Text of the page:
Steamboat Springs After a few witnesses Monday, attorneys prosecuting Routt County Sheriff Gary Wall with charges that he drove drunk nine months ago had a hard time establishing more than Wall's defense already admits.
The scheduled three-day trial began Monday with a lengthy jury selection and concluded early in the afternoon after the prosecution called four witnesses to the stand.
Wall's defense contends that - before getting into his car to drive home - the county's top law enforcement officer had only one glass of wine Oct. 27 at the Steamboat Springs Chamber Resort Association's centennial celebration at Sidney Peak Ranch. Four witnesses called by the prosecution - one bartender and three who shared a dinner table with Wall - couldn't say they saw the sheriff drink more.
Bartender Rachael Shiebler said she sold Wall a glass of red wine toward the beginning of the celebration and did not sell him anything the rest of the night. Shiebler was not the only bartender at the event.
Ron Smith, Wall's lawyer, said in his opening statement that Wall also bought a glass for his wife, Jenny Wilson, and also poured her several glasses of wine during dinner. Ian Prichard, Heidi Thomsen and Lisa Douglas said there were bottles of red and white wine at the dinner table they shared with Wall, as well as brandy snifters for a toast, but they were not sure how much Wall drank.
"I'm not sure the exact amount," Prichard said. "I just know he was drinking (wine) socially like the rest of us."
Under questioning by Smith, Shiebler said she did not observe any signs of intoxication from Wall. Thomsen, also under questioning, said Wall appeared to be calm and relaxed at the dinner table, and that his speech was understandable and not slurred. Douglas said that in addition to red wine, she saw Wall with a glass of clear liquid in it, but she did not know what it was.
While returning home from the celebration, Wall was pulled over by the Colorado State Patrol at Walton Creek Road and U.S. Highway 40 for an alleged failure to dim his headlights. Troopers say they observed signs of intoxication from Wall, who subsequently refused to perform roadside sobriety tests or submit to any tests of his blood alcohol level. He was cited on suspicion of driving under the influence of alcohol, failure to dim and prohibited use of a weapon because he had a gun in his car and it is against the law to be in possession of a firearm while under the influence of alcohol.
In her opening statement, Anne Francis, one of the case's two special prosecutors from Eagle County, dismissed the notion that there was a conspiracy to frame Wall for driving under the influence, an idea the defense has alluded to in previous hearings.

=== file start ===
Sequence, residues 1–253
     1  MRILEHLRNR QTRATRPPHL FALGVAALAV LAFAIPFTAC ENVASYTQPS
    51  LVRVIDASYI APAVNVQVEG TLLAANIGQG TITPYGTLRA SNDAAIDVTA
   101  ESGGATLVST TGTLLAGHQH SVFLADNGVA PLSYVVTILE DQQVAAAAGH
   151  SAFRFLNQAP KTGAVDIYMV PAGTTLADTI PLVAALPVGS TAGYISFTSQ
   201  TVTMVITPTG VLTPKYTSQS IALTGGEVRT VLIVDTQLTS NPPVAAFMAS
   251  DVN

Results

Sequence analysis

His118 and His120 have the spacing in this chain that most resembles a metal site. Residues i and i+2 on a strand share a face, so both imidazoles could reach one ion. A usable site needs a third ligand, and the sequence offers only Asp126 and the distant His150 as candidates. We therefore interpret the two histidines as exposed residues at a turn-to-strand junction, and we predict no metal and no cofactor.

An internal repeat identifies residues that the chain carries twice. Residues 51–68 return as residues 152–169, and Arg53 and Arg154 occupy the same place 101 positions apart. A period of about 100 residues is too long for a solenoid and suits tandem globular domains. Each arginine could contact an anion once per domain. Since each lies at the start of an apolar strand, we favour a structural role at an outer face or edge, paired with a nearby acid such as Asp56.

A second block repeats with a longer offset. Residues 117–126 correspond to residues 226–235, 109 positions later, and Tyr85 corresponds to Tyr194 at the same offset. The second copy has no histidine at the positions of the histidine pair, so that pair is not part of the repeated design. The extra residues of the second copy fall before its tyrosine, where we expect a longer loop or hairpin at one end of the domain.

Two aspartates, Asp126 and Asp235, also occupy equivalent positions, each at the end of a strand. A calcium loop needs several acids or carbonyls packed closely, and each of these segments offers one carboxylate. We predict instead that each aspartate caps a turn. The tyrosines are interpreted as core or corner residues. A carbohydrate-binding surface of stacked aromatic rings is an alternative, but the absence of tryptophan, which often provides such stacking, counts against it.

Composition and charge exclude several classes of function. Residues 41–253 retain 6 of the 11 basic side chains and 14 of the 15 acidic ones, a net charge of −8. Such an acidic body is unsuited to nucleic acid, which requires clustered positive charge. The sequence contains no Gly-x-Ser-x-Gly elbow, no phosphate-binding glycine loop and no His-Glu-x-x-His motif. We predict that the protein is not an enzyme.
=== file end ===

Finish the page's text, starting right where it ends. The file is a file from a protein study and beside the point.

"Ladies and gentlemen, this is not a special case," Francis said. "This is a case that has been tried hundreds of times before in courtrooms across the nation. This is not about politics, conspiracies or misunderstandings. This is about a man who drove drunk."
In her questioning of potential jurors, Karen Romeo, the second prosecutor, asked whether any of them have ever needed a test to tell if someone is drunk. In another allusion to Wall's refusal to submit to tests of his blood alcohol level, Romeo asked jurors whether they could ever imagine a situation where they wouldn't press a "magic button" to prove their innocence.
In his opening arguments, Smith said that, except for failing to dim his headlights, Wall was driving "safely and prudently."
In his final questioning of jurors, Smith asked if any of them had ever had bloodshot eyes or stumbled or forgotten to turn off their bright headlights when they weren't drunk.
Selecting a jury proved difficult for a case involving the prominent and controversial sheriff. Seventy-five potential jurors packed the courtroom. Fifteen were dismissed for reasons such as being a potential witness in the case, prejudices toward alcohol, preconceived notions about the sheriff, and health problems. Most were dismissed only after they were questioned in the chambers of Senior Judge Cecil Wayne Williams along with Smith, Wall, Romeo and Francis.
"I'm going to get my jogging in today," Williams joked in the middle of the frequent entrances and exits from the courtroom.
Williams frequently made light of a jury selection that started at about 9 a.m. and didn't conclude until about 2 p.m., peppering the proceedings with stories from past cases and his military service.
"This is probably going to be the longest jury selection I've ever had," Williams said, "and I had a murder case. : I haven't had so much fun since my grandfather killed my pet calf."
Williams denied a request by the Steamboat Pilot & Today to allow still photography in the courtroom on three legal grounds that there was a reasonable likelihood that expanded media coverage would "interfere with the rights of the parties to a fair trial," "unduly detract from the solemnity, decorum and dignity of the court" and that it "would create adverse effects, which would be greater than those caused by traditional media coverage."